Planning for Possibilities

Adults going through printed resources.

Planning for infants and toddlers is “planning for possibilities,” and education staff should expect the unexpected. Flexibility is key; when plans are put into action, staff should be ready to respond to children’s moment-to-moment interests and needs. As Linda Lloyd Jones notes:

“We should watch and observe our babies much more closely. What are they doing? How are they playing? What are they trying to achieve? Ask them who they are, what they need, how they can be helped. Then listen and watch for the answer…In this way the baby will truly direct his or her care. The baby will lead.”[4]

However, it is still important for staff to plan on a regular basis. Planning helps staff engage in meaningful work with each child and family and provides an overall direction for the week’s experiences, home visit, or group socialization. Programs may design their own planning forms for individual children, home visits, and groups for staff to use. The curriculum or child assessment tool may also provide planning forms. An individual planning form should help staff “connect the dots” between interpretations of child and family information and observations, individual child goals, and strategies for promoting the child’s development and learning. Some programs may take a further step and ask staff to note related program school readiness goals. For home visitors, this planning is always individualized to each child and family.

Staff in group care settings may also create simple plans for the group. The process is similar in that they review the information they have for each child — note any common interests, abilities, and needs — then decide what changes to make, any special experiences to offer, and ways to engage families.[5] However, even within group plans, staff should show how they plan to individualize care for each child. For example, a fingerplay song may meet a receptive language goal for one child, a fine motor skill goal for another child, and an adult-child interaction (social and emotional) goal for a third child.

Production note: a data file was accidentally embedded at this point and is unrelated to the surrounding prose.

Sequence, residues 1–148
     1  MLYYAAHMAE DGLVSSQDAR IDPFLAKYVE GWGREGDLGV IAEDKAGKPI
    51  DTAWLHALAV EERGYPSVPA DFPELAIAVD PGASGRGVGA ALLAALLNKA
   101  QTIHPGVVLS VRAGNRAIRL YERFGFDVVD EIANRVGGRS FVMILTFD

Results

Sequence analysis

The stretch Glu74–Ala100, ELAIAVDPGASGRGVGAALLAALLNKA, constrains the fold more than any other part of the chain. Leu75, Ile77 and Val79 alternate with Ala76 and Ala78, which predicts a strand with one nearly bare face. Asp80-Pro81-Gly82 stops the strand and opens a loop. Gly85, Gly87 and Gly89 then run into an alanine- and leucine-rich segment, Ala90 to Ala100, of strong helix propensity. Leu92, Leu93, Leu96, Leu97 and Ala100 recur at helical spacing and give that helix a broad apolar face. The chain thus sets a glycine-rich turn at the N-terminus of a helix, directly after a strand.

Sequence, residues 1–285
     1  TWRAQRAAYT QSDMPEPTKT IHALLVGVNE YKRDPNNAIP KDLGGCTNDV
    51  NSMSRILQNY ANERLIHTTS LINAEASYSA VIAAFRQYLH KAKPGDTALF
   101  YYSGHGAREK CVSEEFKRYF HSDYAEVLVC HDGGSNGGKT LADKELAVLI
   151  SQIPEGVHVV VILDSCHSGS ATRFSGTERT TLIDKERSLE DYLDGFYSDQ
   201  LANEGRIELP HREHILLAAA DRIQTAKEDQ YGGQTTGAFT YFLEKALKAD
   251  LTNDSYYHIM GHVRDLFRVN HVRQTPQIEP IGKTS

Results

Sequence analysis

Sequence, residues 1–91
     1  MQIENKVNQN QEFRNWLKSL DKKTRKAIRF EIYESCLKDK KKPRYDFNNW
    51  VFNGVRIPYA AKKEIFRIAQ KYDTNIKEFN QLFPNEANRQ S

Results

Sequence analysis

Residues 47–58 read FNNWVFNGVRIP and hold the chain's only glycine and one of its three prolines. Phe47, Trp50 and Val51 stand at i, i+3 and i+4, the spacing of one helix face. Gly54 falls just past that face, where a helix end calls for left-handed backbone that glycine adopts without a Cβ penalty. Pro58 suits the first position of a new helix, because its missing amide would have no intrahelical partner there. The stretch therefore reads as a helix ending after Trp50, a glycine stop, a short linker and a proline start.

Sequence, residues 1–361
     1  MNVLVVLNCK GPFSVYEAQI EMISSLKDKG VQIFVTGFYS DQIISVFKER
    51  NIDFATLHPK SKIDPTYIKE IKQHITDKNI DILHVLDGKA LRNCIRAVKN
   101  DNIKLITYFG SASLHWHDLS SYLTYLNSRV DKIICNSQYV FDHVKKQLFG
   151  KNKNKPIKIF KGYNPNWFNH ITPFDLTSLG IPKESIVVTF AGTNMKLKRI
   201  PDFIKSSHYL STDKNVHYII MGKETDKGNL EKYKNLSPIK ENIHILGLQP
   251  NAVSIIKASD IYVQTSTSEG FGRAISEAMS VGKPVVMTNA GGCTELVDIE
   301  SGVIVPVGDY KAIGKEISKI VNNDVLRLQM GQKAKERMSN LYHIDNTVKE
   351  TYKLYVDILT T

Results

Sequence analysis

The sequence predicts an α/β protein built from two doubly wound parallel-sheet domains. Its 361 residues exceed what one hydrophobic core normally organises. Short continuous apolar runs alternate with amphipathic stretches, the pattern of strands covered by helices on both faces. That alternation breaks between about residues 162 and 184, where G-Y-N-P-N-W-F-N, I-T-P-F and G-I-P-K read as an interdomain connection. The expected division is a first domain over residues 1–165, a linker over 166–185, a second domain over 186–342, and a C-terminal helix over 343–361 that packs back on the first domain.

It is also useful to review planning forms for individual children, home visits, and groups from the previous week or weeks. Depending on how each child or group of children responds, staff may or may not make changes to the current week’s plans. For example, if toddlers seem to enjoy exploring sponge shapes and containers in a tub of water, staff may decide not to change the experience. Or, staff may decide to add spoons and tongs to extend what children learn from the experience. Home visitors do this planning with parents during each home visit.

Here are additional tips to share with staff as they use ongoing child assessment information, their curriculum, and input from families to plan:

  1. Modify the goal: If the child has met the goal, plan to support her in moving toward a higher level. Since development occurs along a continuum, there is always more for a child to learn.
    If a child has not met a goal, consider a simpler version of the goal or giving the child more time to meet the goal. Remember, children develop at different rates. Even if they are developing rapidly in one domain, they may not be developing as rapidly in another. Sometimes, children regress in one domain as they progress in others. For example, a child’s expressive language skills may stop developing temporarily while he is intent on learning a new gross motor skill.